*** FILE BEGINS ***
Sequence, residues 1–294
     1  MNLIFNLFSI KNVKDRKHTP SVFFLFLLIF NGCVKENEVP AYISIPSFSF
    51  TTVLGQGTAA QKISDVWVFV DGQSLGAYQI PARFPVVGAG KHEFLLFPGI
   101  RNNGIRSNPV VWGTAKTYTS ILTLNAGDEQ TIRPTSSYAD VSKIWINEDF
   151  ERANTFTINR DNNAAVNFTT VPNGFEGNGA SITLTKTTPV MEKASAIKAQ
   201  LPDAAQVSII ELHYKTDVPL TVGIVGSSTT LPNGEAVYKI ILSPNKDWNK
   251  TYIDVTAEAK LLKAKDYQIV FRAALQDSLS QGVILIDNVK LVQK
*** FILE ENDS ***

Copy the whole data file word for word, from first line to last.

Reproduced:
Sequence, residues 1–294
     1  MNLIFNLFSI KNVKDRKHTP SVFFLFLLIF NGCVKENEVP AYISIPSFSF
    51  TTVLGQGTAA QKISDVWVFV DGQSLGAYQI PARFPVVGAG KHEFLLFPGI
   101  RNNGIRSNPV VWGTAKTYTS ILTLNAGDEQ TIRPTSSYAD VSKIWINEDF
   151  ERANTFTINR DNNAAVNFTT VPNGFEGNGA SITLTKTTPV MEKASAIKAQ
   201  LPDAAQVSII ELHYKTDVPL TVGIVGSSTT LPNGEAVYKI ILSPNKDWNK
   251  TYIDVTAEAK LLKAKDYQIV FRAALQDSLS QGVILIDNVK LVQK